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Phenology is an excellent way to teach science, technology, and math standards such as inquiry, observation, creating relevant questions, making predictions, graphing and analyzing information, problem solving, conducting basic research, and communication of results.

Image credit:
Lili Gama

Resources for 9-12 Grade Classroom Teachers

Phenology and Nature’s Notebook can also be used to teach subjects other than science. 

 Phenology can be used to teach:

  • English and Language Arts such as reading comprehension, writing, speaking and listening
  • Social Studies such as American History, World History, Cultural Studies, and Geography
  • Healthy Living and Physical Education
  • Foreign and Native Languages including communication, culture, and comparative studies
  • Arts such as music, theater, and visual arts

Where do I begin?

Adding a phenological monitoring program to your classroom is easy as long as your project is well-planned.  Consider involving other like-minded teachers and staff in your project to make it a meaningful, multi-year experience. 

If you can commit to establishing a site at your school for at least 2 years, take a look at our Nature's Notebook Planning Resources to help you get started. 

Use Nature's Notebook observations to teach many science topics and prepare students for higher education by exploring critical thinking, careers, research, and scientific inquiry. Have students monitor a set of plants for a semester, or a year. Ask them to generate their own hypotheses, based on evidence of what they've seen, about seasonal and climatic change.  If you and the students can continue monitoring for multiple years, ask students to return to the Nature's Notebook data, via visualization tools or excel download, and synthesize what they've seen and learned over the course of their high school career.  We encourage people to create groups for monitoring at your school or campus, to which many participants can contribute their own observations.  

Consider reaching out to community agencies and organizations and asking them to also monitor phenology. Many local and state government agencies have staff that will help with outreach projects and engage high school students in career choices.  Even better if the theme can be phenology!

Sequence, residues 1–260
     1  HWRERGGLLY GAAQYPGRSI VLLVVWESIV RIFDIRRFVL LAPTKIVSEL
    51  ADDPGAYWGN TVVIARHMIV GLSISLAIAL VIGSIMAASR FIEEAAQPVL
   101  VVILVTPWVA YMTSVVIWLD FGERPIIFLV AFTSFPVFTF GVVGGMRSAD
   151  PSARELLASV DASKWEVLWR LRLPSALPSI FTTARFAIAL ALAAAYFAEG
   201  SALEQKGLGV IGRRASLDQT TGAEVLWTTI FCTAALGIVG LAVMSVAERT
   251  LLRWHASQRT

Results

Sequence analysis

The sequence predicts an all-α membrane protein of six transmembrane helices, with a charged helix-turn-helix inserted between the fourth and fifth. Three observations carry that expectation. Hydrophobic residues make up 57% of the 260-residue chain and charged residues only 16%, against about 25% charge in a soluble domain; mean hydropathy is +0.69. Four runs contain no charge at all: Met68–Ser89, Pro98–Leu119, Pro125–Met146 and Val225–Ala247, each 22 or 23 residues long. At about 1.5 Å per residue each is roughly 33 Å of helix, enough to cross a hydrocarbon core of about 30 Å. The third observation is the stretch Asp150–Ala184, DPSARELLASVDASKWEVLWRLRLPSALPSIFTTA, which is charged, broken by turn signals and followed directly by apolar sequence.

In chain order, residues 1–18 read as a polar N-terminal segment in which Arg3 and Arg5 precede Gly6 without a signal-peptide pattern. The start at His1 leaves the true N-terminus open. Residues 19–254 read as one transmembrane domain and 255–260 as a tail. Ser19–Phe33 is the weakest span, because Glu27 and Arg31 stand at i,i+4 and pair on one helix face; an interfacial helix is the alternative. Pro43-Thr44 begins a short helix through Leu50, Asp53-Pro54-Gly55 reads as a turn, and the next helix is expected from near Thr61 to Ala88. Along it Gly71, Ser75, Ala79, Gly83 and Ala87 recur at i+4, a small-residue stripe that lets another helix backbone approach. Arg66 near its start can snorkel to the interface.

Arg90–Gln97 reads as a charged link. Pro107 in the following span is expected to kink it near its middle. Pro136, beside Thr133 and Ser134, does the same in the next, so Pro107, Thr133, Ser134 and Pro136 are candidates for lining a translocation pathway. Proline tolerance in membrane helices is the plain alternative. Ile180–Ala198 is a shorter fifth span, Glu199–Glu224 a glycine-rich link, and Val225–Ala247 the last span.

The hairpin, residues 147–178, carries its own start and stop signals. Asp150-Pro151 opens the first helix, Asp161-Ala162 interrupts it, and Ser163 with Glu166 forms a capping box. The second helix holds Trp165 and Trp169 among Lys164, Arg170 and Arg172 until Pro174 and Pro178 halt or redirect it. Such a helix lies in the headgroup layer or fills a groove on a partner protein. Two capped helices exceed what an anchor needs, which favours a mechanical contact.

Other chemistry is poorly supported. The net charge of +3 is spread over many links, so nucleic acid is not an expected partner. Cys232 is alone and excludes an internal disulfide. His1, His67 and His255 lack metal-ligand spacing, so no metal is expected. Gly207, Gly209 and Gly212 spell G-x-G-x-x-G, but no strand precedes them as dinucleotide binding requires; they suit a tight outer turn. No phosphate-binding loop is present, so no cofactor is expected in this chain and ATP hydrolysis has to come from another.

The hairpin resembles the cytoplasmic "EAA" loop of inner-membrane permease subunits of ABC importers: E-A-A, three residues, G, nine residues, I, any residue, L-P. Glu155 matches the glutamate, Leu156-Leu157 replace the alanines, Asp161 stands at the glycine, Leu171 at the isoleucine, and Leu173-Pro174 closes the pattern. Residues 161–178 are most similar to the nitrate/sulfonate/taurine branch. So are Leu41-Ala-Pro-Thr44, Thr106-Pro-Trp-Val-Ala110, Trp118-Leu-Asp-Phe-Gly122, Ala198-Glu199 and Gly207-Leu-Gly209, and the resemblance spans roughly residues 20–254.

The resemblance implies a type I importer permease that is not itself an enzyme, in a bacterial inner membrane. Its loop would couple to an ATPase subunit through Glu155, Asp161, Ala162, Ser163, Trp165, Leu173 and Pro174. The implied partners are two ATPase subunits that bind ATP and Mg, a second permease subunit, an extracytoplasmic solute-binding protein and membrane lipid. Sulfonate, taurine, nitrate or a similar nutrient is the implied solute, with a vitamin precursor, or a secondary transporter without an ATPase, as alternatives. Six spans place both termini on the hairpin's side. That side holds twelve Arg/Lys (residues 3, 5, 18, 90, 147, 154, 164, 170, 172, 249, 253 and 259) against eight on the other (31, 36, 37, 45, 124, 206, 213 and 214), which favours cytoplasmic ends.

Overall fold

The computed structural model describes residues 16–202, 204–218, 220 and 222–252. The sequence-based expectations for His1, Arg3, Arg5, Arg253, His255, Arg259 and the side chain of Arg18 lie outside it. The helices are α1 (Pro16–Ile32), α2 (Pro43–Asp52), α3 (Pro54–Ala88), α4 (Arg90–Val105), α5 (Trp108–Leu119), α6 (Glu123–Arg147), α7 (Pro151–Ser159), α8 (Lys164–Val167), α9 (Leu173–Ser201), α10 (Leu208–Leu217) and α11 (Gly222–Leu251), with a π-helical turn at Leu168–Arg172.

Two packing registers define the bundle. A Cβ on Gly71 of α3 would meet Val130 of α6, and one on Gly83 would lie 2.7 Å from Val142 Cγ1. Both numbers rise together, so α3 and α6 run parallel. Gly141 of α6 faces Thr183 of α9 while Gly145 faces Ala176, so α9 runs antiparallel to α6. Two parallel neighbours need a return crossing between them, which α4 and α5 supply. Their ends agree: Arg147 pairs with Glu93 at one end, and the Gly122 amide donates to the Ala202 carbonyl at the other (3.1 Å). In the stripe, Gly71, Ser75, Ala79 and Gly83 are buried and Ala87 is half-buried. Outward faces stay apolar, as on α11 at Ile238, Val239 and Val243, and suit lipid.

If you can't commit to a long-term monitoring program at your school, consider instead using some of our phenology activities and lesson plans to supplement your student learning. Search the table below for activities appropriate for high school learners.


 

Nature's Notebook and the Next Generation Science Standards

A long-term, Nature's Notebook phenology monitoring program in the classroom can help address the following Next Generation Science Standards Disciplinary Core Ideas (DCI):

 


 

More Curriculum Ideas

The table below contains lesson plans and ideas for implementing Nature’s Notebook in Grades 9-12.  Implementing phenology monitoring and Nature’s Notebook at the high school level allows students to engage with the content in an experiential way, provides opportunities to do community based projects through partnerships with local organizations, understand the implications of climate change, and engage with scientists performing data analysis.

 

View Nature's Notebook curriculum materials developed for 9th-12th grades in the table below.

Title Description
Signs of the Seasons: Monarch-Milkweed Ecology Graphing

Students learn to graph a small dataset about the timing of monarchs and milkweed appearance in Maine.  The exercise involves graphing comparisons between groups, making predictions, and thinking about variability, an important concept in statistics and data literacy. Created by Signs of the Seasons: A Maine Phenology Program.

Signs of the Seasons: Mapping and Graphing Your Observations

Using dandelions, since they are numerous and easy to identify, students learn basic mapping and graphing skills, and practice making sense of the phenology data they have collected. Created by Signs of the Seasons: A Maine Phenology Program.

Signs of the Seasons: Festival Dates

Students visit the local library or a historical collection to look through source materials (newspapers, magazines, photo collections, etc.) to find dates and/or photos of annual festivals related to phenology (apple festivals, lilac festivals, maple sugar festivals, etc.). Created by Signs of the Seasons: A Maine Phenology Program.

Signs of the Seasons: Phenology Snapshots

Students compare phenology of the current season with historical phenology changes by comparing dated historical photos with present-day photos of the same locations. Created by Signs of the Seasons: A Maine Phenlogy Program.

Signs of the Seasons: Bird Feeder Notebook

Watch a feeder as a group/class and keep records of what you see. Compare your notebook with historical records for the same species in your area, if you can find any. Created by Signs of the Seasons: A Maine Phenology Program.

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